Seeking to get a jump on competitors in select genres, nearly 20% of Netflix original stand-up comedies and music concerts are released on the streaming service within two months of production, according to new data from Ampere Analysis.
This release strategy contrasts sharply with slow-burn release strategy for scripted dramas, which have an average production period of 13 months from announcement to release.
The report found that 39% of Netflix docs and 64% of reality series were released less than two months after they were first announced.
Children and family content had the longest production period, whether created by Netflix and a single producer, or as a co-production.
Crime, thriller, sci-fi and fantasy productions each took a year to produce, with 25% of crime content released from 13-15 months after announcement.
“Netflix co-productions have a longer average creation time, taking an additional 2.8 months to craft compared to sole Netflix commissioned shows,” Fred Black, analyst and author of the report, said in a statement. “The shortest co-production was announced 109 days before release — by this point, 39 solo Netflix productions had already been released. Drama, documentary, sci-fi and fantasy are the most co-produced genres.”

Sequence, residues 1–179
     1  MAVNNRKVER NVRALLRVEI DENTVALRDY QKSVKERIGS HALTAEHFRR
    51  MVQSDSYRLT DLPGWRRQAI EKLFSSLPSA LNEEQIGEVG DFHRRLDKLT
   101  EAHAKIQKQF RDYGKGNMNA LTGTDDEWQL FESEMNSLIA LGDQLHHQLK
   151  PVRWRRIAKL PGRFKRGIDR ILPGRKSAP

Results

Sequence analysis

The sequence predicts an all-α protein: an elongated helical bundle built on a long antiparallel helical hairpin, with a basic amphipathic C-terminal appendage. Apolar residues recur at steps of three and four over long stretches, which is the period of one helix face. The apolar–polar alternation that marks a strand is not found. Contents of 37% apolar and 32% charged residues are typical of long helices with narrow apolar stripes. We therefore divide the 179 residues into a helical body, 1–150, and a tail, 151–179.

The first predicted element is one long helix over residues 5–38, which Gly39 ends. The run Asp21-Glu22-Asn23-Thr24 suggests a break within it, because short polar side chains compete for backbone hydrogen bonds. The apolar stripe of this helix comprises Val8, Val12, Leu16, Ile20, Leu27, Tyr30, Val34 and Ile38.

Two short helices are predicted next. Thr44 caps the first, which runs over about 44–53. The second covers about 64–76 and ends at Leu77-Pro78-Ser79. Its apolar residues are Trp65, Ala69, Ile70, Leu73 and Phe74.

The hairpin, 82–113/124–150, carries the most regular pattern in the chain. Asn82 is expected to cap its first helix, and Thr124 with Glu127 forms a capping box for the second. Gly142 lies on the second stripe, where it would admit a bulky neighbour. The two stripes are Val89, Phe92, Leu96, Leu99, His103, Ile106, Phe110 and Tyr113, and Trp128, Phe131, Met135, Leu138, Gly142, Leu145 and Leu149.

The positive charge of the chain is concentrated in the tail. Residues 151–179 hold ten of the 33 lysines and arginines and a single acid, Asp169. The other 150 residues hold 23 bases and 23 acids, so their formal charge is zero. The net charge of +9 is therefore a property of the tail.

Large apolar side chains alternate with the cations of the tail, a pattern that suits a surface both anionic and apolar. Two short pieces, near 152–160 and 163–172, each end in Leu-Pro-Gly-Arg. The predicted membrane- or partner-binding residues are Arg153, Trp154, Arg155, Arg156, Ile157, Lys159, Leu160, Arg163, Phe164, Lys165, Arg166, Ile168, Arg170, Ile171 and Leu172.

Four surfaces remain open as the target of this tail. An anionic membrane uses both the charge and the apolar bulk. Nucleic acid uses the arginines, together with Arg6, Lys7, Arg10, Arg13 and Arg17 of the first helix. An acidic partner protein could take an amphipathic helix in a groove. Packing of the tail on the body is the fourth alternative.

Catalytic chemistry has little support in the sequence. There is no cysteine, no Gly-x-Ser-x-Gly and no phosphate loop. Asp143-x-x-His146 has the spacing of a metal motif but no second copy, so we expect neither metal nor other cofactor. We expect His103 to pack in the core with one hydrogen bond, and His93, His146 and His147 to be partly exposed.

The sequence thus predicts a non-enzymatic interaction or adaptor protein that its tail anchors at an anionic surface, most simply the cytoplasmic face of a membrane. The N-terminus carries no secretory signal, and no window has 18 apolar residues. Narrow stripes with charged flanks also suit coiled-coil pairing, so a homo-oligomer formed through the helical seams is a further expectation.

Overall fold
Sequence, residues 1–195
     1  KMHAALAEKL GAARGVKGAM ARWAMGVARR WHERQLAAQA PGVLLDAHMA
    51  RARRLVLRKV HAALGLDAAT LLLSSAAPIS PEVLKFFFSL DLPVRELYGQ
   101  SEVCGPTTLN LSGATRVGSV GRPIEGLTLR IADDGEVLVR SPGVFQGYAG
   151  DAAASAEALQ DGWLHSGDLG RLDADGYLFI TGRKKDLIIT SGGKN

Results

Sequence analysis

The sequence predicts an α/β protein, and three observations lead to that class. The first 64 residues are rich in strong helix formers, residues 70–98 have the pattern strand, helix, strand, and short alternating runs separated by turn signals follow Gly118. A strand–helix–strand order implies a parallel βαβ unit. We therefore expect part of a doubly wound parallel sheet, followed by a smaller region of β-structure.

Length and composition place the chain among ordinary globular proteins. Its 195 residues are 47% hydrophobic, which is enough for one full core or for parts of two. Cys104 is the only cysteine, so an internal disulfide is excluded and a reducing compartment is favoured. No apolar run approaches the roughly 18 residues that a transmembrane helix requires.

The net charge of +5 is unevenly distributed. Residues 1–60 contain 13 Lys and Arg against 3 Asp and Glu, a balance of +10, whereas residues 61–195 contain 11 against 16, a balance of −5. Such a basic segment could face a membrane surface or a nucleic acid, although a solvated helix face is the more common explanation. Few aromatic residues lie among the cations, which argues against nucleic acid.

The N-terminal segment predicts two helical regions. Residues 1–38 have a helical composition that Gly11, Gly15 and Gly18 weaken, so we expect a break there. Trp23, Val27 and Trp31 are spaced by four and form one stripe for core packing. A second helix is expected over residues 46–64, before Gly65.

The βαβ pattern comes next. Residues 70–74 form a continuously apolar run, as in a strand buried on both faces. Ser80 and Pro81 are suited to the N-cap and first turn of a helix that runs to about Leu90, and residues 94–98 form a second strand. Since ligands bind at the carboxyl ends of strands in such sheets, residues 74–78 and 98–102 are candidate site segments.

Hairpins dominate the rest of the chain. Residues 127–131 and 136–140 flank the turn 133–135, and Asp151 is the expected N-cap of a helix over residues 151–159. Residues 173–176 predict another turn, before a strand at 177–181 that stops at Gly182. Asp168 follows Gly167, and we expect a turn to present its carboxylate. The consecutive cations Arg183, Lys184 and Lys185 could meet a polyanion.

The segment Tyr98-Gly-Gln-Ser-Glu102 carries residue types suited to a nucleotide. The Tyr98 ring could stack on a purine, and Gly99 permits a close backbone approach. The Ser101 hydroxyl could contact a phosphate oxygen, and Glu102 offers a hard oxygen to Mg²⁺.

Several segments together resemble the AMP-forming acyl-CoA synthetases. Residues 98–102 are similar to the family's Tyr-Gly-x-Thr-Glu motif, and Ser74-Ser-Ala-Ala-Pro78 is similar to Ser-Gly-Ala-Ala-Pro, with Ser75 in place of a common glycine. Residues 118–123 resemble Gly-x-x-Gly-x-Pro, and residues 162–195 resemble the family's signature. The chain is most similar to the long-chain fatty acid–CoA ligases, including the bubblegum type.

Ampere found 36% of unscripted Netflix originals were released less than two months after announcement – versus just 7% of scripted titles.
By comparison, over 90% of productions taking 14+ months to release are scripted. Over half of Netflix scripted originals (52%) have taken longer than a year between announcement and release, compared to just 7% of unscripted titles.
Almost all (95%) of the slowest 19 releases were scripted (release after at least 600 days).
At more than two years in production, “Our Planet,” Netflix’s high-budget, David Attenborough-narrated natural history documentary, stands out as an anomaly in the unscripted space. “Magic for Humans” also had a long production period. Italian stand-up special from Edoardo de Carlo took two weeks, while Ellen Degeneres’ special, “Relatable,” was in production for 19 months.
“With competition heating up in the SVOD arena, Netflix is using its ‘surprise drop’ strategy to foil competitors and delay them from copy-catting new content formats,” Black said. “But this is not a simple approach, there are huge variations in the time content takes from announcement to release, based on genre, whether it’s scripted or not and if it’s a sole or co-production.”